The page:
The shadowy face of Iraq

I have a copy of a 1985 photograph, culled from the archives of a Beirut newspaper, that shows a circle of Iranian-backed conspirators gathered behind the pilots of the hijacked TWA Flight 847. Some former U.S. officials say the balding man in the front row is Maliki; but even if that’s wrong, his own Dawa Party bombed the U.S. Embassy in Kuwait in 1983. A conspiratorial underground was his political education…

But you can’t help thinking Iraq deserves better than Maliki, who practically advertises his disdain for the softer and more reflective side of life. It wasn’t always so in Iraq. Even during the years when Saddam governed the country by torture, Iraq had some of the best scientists, artists and writers in the Arab world. It was a place where people read books and played music. Saddam’s Iraq banned the unauthorized importation of typewriters; that’s how much it respected the written word.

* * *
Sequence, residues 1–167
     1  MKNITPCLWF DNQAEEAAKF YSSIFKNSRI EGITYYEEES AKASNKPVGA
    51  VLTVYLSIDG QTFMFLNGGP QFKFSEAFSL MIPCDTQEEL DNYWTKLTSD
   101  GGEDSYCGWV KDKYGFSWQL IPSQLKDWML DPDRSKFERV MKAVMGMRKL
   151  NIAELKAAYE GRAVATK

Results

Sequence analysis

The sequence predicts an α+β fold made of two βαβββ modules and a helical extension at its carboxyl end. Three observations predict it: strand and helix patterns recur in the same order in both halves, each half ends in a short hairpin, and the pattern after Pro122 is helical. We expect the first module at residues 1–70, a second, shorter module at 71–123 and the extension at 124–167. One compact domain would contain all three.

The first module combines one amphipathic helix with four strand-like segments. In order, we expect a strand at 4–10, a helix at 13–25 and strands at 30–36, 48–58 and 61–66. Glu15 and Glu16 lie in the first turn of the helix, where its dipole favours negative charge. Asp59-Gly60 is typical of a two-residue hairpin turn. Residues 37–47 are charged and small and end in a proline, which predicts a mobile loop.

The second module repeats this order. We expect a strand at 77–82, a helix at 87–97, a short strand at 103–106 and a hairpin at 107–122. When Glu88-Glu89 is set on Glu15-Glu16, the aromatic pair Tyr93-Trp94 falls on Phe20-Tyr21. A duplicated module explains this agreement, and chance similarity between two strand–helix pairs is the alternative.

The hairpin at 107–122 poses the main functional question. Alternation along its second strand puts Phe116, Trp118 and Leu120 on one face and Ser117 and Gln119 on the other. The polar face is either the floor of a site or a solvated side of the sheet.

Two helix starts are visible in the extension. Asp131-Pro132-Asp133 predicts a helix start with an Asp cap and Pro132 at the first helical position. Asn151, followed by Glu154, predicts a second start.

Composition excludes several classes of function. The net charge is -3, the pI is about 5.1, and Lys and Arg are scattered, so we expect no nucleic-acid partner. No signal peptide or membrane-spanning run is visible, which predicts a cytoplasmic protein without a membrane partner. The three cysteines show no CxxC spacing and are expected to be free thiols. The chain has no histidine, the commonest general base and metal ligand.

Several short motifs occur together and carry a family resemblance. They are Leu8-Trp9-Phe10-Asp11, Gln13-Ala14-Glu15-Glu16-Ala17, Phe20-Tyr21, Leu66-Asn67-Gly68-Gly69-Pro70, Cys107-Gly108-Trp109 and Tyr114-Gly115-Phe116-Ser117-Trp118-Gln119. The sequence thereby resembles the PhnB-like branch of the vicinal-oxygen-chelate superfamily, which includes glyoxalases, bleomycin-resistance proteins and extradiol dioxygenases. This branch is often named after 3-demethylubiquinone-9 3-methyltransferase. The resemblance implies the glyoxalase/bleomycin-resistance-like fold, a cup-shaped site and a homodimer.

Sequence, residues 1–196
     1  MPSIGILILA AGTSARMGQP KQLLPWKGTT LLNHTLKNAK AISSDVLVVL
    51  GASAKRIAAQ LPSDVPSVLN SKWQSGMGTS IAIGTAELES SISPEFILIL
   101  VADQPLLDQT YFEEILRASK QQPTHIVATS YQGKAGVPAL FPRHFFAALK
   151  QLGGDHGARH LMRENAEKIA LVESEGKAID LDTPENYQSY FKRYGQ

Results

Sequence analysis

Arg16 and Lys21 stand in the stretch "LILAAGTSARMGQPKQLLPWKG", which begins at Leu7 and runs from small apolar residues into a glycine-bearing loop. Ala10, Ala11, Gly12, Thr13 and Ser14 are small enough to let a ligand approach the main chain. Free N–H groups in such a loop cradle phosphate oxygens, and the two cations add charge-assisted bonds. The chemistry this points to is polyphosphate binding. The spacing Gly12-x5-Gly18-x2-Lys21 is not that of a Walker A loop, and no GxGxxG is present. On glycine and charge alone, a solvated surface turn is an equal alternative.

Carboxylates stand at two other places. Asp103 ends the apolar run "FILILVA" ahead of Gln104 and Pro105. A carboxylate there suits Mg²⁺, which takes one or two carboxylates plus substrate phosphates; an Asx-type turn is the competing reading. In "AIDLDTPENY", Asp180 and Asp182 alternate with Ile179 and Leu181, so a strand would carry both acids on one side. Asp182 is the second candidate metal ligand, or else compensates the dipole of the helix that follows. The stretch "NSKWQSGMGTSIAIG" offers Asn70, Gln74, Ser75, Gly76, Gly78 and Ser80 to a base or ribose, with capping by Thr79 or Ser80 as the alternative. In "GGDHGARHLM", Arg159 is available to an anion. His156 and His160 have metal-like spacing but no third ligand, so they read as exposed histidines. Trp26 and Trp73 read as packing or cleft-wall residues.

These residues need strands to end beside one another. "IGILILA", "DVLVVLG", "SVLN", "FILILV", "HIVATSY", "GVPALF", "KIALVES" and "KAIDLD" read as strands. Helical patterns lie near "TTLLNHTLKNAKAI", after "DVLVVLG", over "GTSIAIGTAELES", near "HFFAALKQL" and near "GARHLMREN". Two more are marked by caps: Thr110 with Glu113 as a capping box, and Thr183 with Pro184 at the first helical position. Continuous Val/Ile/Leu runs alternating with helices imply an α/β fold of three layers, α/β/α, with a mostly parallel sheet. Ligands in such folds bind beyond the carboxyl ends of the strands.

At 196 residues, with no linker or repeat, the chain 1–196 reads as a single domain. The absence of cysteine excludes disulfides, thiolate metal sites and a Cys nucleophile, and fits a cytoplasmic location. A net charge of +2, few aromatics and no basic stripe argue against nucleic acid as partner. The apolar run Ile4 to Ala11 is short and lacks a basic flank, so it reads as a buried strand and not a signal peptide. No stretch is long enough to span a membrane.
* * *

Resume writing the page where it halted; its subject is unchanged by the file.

America’s greatest mistake in Iraq wasn’t toppling Saddam but detonating the infrastructure of the government, the army and the educational and social institutions that made civilized life possible. With no national army, there was nothing to check the Shiite looters or the Sunni insurgents…

If America and its friends aren’t careful, this same process will repeat itself across the Arab world as the dictators are toppled and replaced by the underground men.